Airborne (dietary supplement)
|Product type||Dietary supplements Vitamin supplements|
|Previous owners||Schiff Nutrition|
Airborne is a dietary supplement containing herbal extracts, amino acids, antioxidants, electrolytes, vitamins, and other ingredients originally marketed as preventing the common cold and improving immune function.
The benefits of its use are uncertain. There are no studies supporting Airborne's effectiveness that meet scientific standards. The former owners were fined by the Federal Trade Commission for deceptive advertising and were the subject of successful class actions.
It was created by schoolteacher Victoria Knight-McDowell in the early 1990s. The website does not list any side effects that one might experience after taking Airborne, aside from "some sensitivity to any of the vitamins or herbal extracts". It is offered for sale over-the-counter in many U.S. retail stores in multiple forms: effervescent tablet, gummy, chewable tablet, lozenge, tablet, or powder.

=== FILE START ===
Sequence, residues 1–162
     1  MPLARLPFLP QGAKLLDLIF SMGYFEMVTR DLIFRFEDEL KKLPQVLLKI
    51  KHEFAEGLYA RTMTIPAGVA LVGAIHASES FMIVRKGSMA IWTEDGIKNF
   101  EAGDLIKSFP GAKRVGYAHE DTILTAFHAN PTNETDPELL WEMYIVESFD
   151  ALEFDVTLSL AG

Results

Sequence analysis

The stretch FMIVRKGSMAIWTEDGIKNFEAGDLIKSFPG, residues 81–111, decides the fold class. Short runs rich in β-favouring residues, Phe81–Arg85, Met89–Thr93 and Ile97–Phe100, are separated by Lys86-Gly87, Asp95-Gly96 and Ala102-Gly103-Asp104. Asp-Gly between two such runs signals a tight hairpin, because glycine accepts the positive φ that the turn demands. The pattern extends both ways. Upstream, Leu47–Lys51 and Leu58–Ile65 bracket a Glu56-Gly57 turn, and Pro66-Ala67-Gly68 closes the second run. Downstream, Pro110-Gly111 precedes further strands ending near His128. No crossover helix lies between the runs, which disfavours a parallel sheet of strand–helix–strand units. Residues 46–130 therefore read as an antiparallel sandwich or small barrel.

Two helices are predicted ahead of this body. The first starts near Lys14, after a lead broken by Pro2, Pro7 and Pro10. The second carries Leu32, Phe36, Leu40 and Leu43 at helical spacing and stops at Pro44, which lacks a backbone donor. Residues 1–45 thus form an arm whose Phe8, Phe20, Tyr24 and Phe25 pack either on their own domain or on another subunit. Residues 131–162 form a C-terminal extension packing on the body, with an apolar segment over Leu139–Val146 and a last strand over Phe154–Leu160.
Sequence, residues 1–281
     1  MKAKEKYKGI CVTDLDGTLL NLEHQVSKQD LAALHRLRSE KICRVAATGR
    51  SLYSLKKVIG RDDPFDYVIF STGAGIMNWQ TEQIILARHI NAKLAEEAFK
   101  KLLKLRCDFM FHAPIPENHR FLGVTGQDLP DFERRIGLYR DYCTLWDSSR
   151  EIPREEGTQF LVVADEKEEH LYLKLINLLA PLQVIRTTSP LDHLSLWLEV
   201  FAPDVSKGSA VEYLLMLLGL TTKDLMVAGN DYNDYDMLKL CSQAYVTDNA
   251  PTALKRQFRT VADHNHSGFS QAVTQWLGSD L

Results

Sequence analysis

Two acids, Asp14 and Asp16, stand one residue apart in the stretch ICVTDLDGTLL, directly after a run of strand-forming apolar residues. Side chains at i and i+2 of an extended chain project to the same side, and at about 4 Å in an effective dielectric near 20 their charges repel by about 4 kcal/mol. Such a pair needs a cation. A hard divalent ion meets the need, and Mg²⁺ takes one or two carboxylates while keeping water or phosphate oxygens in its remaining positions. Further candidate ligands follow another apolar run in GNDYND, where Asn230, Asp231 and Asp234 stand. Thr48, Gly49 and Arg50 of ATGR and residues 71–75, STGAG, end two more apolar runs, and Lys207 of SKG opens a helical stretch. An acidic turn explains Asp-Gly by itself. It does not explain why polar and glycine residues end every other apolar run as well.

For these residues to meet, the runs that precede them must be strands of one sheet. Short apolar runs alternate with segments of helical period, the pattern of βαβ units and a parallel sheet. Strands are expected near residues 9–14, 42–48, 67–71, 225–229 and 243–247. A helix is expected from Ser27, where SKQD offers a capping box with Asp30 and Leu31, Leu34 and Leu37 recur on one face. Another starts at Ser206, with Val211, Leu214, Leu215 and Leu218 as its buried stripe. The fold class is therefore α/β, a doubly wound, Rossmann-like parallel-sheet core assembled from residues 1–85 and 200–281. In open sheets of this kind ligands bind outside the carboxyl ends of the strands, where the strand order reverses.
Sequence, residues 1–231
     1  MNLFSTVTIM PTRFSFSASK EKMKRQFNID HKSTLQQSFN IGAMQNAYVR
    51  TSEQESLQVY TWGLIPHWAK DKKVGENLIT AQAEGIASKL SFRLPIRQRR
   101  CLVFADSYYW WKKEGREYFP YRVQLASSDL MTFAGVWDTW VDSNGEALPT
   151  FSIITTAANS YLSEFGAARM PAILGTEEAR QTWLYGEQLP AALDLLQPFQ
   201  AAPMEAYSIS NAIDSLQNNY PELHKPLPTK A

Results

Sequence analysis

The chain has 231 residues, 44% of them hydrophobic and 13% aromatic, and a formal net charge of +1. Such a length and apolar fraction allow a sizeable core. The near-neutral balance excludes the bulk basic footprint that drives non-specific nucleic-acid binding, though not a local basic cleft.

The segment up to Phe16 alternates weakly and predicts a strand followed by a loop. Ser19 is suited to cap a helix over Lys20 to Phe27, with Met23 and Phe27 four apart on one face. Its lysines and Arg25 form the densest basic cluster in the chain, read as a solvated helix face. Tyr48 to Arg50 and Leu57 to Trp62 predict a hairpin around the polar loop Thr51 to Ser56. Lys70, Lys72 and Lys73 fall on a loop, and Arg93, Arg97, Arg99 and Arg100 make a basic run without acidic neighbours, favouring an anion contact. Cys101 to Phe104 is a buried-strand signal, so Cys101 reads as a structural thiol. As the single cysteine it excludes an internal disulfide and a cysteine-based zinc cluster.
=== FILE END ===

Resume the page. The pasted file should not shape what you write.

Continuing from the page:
The formula for Airborne was developed by Victoria Knight-McDowell, a former school teacher  from Carmel, California. She began brewing herbal and vitamin cocktails in the early 1990s and selling them in tablet form to local drug stores. Later on, Knight-McDowell contracted cartoonist Lloyd Dangle to create Airborne's brand and packaging. In 1997, specialty grocery chain Trader Joe's ordered 300 cases of Airborne tablets to sell, and by 1999 other larger chains, such as Wal-Mart and Rite Aid, began stocking Airborne.
Airborne supplements are available in various flavors like "Zesty Orange", "Very Berry", "Lemon Lime", and "Pink Grapefruit", and in the following forms: effervescent tablets, powder packets, chewable tablets, lozenges, drink mixes, and gummies. The original product was a tablet that was put into water to create a fizzy, effervescent drink.
Testing, research, and controversy